Taking Breivik as an example: he is a white, blonde, heterosexual man in a relatively wealthy country – who is rumored to suffer from schizophrenia. This discourse would play out a lot differently if he had not those four first things “going for him”, I think. I find it extremely important and very interesting to take in the question of ableism and many more; especially also in his case, and that is what intersectionality is about to me.

      I have a problem with an understanding of intersectionality (or any kind of analysis of social justice issues, really) that fails to address race/class/gender (additionally to whatever axis one choses) – this is what I was trying to convey here; not that I think that race/class/gender analyses are the only ones that count but that they are pretty freaking central. And I would certainly be in favour of making the range much broader when it comes to the practice of social justice, not only specific academic musings. Usually, though, when people don’t even get these three ones right, the rest is pretty much hopeless, from my experience. So that’s why this is a starting point, not the finishing line.

      • kiturak December 6, 2011 at 2:38 pm #

        Well, I guess we can definitely agree on “If your analysis doesn’t EVEN include race, class, and gender, it’s not worth the paper/ hard disk space it’s written on”. – And since it’s still so freaking *common* not to include more that one aspect at all, I think we’re not really that far apart at all, in either academic or activist reality.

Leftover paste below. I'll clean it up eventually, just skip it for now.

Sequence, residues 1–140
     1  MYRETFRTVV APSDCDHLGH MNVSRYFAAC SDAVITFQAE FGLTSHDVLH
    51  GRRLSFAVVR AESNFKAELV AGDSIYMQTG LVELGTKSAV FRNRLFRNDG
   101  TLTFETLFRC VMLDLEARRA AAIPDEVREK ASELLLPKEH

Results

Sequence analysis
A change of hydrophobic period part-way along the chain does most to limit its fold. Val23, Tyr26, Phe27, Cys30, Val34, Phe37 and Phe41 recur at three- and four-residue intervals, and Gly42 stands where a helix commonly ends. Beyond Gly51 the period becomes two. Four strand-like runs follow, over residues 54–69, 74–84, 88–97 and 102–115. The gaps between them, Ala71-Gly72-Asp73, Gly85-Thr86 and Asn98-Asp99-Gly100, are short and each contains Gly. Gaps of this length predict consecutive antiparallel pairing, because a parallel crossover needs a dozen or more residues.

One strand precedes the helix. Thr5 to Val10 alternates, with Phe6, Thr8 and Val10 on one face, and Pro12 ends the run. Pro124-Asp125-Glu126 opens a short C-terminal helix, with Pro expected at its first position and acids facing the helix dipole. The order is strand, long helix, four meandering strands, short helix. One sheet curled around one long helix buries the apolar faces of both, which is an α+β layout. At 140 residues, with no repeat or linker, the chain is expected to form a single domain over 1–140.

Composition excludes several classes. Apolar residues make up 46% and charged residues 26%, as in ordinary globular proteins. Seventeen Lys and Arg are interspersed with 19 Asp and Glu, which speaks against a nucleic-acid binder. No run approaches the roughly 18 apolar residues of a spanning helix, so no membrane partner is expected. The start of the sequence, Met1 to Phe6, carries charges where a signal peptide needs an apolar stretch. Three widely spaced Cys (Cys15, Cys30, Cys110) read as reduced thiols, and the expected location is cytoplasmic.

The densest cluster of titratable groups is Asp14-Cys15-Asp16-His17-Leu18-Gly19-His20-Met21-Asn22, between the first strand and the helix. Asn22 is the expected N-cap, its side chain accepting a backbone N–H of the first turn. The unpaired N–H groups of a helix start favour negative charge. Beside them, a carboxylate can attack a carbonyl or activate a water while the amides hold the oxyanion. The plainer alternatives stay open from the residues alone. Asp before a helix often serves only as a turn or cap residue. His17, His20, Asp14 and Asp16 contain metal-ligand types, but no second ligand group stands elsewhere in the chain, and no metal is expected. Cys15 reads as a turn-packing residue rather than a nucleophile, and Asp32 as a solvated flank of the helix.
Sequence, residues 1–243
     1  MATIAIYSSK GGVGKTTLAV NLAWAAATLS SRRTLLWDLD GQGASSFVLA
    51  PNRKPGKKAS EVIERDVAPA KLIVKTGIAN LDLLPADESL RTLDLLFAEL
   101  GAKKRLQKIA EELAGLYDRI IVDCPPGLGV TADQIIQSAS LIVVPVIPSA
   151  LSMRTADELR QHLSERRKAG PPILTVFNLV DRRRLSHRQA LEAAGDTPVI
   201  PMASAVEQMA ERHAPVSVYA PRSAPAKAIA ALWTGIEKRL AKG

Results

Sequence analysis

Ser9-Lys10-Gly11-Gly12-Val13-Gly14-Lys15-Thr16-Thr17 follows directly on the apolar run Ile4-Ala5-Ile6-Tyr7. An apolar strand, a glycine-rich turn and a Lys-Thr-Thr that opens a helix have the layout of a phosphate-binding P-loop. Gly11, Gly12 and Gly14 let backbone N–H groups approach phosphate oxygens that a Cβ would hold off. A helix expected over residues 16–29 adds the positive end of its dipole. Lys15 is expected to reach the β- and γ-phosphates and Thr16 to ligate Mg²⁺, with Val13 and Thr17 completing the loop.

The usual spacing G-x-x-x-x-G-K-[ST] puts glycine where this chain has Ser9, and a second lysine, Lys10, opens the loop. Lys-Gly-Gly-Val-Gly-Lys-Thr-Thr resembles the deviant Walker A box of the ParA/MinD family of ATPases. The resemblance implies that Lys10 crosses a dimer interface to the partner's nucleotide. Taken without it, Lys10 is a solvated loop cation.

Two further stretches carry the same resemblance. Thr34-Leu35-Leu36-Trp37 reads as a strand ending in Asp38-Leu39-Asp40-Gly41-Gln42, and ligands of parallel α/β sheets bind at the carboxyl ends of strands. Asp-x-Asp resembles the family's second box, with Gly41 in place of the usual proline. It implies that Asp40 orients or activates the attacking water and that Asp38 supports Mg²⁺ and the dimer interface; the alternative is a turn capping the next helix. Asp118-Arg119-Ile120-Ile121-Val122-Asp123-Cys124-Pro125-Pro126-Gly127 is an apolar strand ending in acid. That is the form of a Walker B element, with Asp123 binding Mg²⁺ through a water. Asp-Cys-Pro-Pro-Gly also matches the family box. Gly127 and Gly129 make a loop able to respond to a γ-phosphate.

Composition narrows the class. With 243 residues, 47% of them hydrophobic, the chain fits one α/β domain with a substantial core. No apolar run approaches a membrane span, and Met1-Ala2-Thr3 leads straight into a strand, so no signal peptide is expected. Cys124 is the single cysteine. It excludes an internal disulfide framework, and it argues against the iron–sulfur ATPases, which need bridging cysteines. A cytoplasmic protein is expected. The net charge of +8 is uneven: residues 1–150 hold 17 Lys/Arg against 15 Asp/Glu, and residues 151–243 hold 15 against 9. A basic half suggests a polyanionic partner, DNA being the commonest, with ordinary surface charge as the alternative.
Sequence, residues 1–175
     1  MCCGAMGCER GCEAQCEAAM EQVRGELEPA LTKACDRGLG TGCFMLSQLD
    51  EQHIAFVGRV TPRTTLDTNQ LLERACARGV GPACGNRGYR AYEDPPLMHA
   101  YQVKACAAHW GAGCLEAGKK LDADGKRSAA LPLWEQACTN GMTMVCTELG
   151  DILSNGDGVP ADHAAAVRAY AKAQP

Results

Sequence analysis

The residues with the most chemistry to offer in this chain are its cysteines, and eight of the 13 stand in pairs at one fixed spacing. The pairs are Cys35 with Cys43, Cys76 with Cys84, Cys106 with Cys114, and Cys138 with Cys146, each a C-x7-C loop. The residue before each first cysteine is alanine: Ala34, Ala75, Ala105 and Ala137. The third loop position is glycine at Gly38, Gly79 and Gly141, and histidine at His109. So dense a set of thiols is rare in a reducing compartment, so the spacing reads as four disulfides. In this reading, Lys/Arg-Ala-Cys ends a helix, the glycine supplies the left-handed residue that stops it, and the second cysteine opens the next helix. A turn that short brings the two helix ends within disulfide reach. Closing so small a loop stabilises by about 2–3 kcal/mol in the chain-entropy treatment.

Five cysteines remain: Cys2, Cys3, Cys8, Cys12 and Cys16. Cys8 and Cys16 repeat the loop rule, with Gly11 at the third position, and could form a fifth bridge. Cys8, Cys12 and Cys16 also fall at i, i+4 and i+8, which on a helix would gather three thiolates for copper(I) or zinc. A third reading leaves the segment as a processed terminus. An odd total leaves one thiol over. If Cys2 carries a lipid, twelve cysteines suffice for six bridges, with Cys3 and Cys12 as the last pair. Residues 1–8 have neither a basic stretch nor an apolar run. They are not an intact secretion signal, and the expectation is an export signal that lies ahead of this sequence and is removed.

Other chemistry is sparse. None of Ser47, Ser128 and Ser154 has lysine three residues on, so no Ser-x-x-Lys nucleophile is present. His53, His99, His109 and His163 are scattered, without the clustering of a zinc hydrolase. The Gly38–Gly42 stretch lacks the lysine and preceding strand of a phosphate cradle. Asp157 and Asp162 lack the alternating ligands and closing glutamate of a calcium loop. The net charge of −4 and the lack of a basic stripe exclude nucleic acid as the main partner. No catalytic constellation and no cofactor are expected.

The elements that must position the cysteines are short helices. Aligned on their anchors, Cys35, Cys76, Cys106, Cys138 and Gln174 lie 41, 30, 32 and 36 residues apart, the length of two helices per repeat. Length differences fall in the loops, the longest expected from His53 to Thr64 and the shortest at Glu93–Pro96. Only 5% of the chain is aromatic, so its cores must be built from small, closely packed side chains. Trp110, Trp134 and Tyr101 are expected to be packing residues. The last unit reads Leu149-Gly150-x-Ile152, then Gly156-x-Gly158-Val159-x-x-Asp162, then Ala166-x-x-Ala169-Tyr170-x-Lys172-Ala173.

• accalmie December 6, 2011 at 2:54 pm #

          I do understand your criticism of the “basic triad” and the potentially ableist and heterosexist privileges, for example, it can entail. I think you are absolutely right in pointing that out and also speak out against Oppression Olympics. The “basic triad” (or rather: the lack thereof) is what I get confronted with very regularly and since forever, so it regularly strikes me as the “starting point” from where criticism can be formulated most forcefully in the circle I am in. I do only see it as a starting point, however, and I am trying to be aware of the actual concept of actual intersectionality (as opposed to “triple oppression”). We can certainly agree on the point that race/class/gender are vital aspects; obviously, I need reminders and interventions too when it comes to keeping the array of societal discriminations in mind, and am thankful for your check :)!

          • accalmie December 6, 2011 at 3:00 pm #

            Update: I’ve changed the phrasing to hopefully show that I do not mean to qualify every other aspect besides class/race/gender and am actually talking about intersectionality, not solely an additive form of triple oppression. Thank you for pointing it out!

          • kiturak December 6, 2011 at 3:17 pm #

            <3 mir fehlen die Worte! Thanks SO much. But even if you hadn't made any changes, please know I loved the post :)

          • kiturak December 6, 2011 at 3:13 pm #

            thanks! :) I agree, especially on the “starting point”. Because especially in academics, there’s such an *immense* amount of work already done on these topics as to make it a downright unscientific approach not to include it. And the general attitude towards all this work (by marginalized people on marginalized topics) never fails to piss me off, so that was why I loved your post so much.